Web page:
Supply chain lessons from firms that best weathered the 2008 financial crash can help businesses today be more resilient in the face of coronavirus, according to a report.
The report, from the Association of Supply Chain Management (ASCM), said the firms most resilient to the 2008 recession were:
• leaner, with lower levels of working capital and less inventory,
• had a variable cost structure,
• and had early warning of the impending downturn and were able to respond more quickly.
Researchers used data from more than 1,800 medium and large public companies across the extraction, manufacturing, communications, trade, and services sectors between 2005 and 2010 to determine the performance of each supply chain.
The work involved looking at different supply chain factors including assets, labour, working capital and profitability to identify what made firms more resilient.
The report said: “Companies that invested in supply chain excellence performed better than their peers during the recession and immediately afterward.”
The 20% most resilient firms grew by 11.9% in 2010, based on return on assets, and they increased market share by 0.24%, where competitors lost on average 0.1%. They reduced inventory days on hand by about three days, 5% less than the average manufacturing firm.
Professor Morgan Swink, of Texas Christian University’s Neeley School of Business, who produced the report with the ASCM, said: “Developing a more resilient supply chain puts money in the bank and makes the world a better place.”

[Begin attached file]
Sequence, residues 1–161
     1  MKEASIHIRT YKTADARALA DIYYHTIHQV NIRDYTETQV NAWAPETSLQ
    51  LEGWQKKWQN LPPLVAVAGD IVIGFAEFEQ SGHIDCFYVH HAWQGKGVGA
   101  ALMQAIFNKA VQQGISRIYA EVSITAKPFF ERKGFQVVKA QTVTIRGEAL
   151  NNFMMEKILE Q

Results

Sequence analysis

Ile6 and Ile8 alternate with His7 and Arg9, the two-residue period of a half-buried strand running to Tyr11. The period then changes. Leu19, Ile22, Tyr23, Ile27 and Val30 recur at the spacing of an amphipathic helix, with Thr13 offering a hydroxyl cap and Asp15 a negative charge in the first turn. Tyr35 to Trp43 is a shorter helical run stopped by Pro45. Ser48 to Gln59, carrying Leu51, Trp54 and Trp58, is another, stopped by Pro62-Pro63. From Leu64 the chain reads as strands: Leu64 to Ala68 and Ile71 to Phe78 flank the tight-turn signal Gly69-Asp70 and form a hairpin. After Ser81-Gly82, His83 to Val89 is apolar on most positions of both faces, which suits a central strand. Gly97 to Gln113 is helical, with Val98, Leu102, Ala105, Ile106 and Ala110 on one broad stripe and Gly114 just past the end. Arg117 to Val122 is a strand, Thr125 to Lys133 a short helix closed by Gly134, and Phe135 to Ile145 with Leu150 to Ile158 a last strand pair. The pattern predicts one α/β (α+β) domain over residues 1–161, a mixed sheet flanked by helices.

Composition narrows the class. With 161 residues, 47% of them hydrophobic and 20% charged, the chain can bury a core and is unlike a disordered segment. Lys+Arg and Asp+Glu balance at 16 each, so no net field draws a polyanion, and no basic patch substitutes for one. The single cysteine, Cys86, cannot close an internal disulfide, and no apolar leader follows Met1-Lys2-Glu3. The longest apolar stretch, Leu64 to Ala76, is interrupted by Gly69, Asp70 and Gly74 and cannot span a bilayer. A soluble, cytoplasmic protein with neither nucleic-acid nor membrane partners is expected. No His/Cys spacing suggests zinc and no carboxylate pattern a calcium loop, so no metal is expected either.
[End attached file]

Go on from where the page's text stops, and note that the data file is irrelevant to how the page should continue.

The report recommended firms adopt the “five Ss” to build a more resilient supply chain:
1. Scanning. Firms should invest in scanning technology and capabilities because few have enough visibility of the market to see past two tiers deep in their supply chain. Sources of market disruption to look for include weather, politics and disease.
2. Smart. Invest in predictive analytics such as artificial intelligence because a supply chain that learns from small disruptions can apply that to larger events.
3. Scalable. Scale up and down to match supply and demand and create a variable cost structure with on-demand capacity. Consider leasing technology such as automation because it is less scalable due to fixed operating costs.
4. Shiftable. Shift from one product to another, as fashion companies did to make face masks during coronavirus. Invest in generalised, multipurpose resources and develop many options. Do not single source. This technique is more expensive but it does minimise risk.
5. Sustainable. Be more sustainable by prioritising people’s livelihoods and the planet and consider sourcing from local suppliers. It may come at a price but it is likely to be worth it.
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